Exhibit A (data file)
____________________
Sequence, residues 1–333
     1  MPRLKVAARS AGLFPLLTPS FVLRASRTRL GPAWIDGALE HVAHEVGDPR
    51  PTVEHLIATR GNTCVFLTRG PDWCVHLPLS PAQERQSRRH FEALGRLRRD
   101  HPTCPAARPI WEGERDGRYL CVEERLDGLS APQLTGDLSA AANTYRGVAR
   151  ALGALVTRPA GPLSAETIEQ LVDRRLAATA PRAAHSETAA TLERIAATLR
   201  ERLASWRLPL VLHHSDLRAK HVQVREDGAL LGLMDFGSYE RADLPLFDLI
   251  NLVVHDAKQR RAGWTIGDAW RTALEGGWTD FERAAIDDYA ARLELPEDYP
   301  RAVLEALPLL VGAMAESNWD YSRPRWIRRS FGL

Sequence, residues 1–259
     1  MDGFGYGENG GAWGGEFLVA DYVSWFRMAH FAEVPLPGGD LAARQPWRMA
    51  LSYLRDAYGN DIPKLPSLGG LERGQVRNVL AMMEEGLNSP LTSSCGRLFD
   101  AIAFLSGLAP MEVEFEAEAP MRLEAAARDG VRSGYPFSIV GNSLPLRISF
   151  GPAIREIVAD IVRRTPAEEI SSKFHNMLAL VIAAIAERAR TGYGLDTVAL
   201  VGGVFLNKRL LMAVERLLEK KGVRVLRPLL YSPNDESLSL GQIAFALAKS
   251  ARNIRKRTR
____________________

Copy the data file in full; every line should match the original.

Sequence, residues 1–333
     1  MPRLKVAARS AGLFPLLTPS FVLRASRTRL GPAWIDGALE HVAHEVGDPR
    51  PTVEHLIATR GNTCVFLTRG PDWCVHLPLS PAQERQSRRH FEALGRLRRD
   101  HPTCPAARPI WEGERDGRYL CVEERLDGLS APQLTGDLSA AANTYRGVAR
   151  ALGALVTRPA GPLSAETIEQ LVDRRLAATA PRAAHSETAA TLERIAATLR
   201  ERLASWRLPL VLHHSDLRAK HVQVREDGAL LGLMDFGSYE RADLPLFDLI
   251  NLVVHDAKQR RAGWTIGDAW RTALEGGWTD FERAAIDDYA ARLELPEDYP
   301  RAVLEALPLL VGAMAESNWD YSRPRWIRRS FGL

Sequence, residues 1–259
     1  MDGFGYGENG GAWGGEFLVA DYVSWFRMAH FAEVPLPGGD LAARQPWRMA
    51  LSYLRDAYGN DIPKLPSLGG LERGQVRNVL AMMEEGLNSP LTSSCGRLFD
   101  AIAFLSGLAP MEVEFEAEAP MRLEAAARDG VRSGYPFSIV GNSLPLRISF
   151  GPAIREIVAD IVRRTPAEEI SSKFHNMLAL VIAAIAERAR TGYGLDTVAL
   201  VGGVFLNKRL LMAVERLLEK KGVRVLRPLL YSPNDESLSL GQIAFALAKS
   251  ARNIRKRTR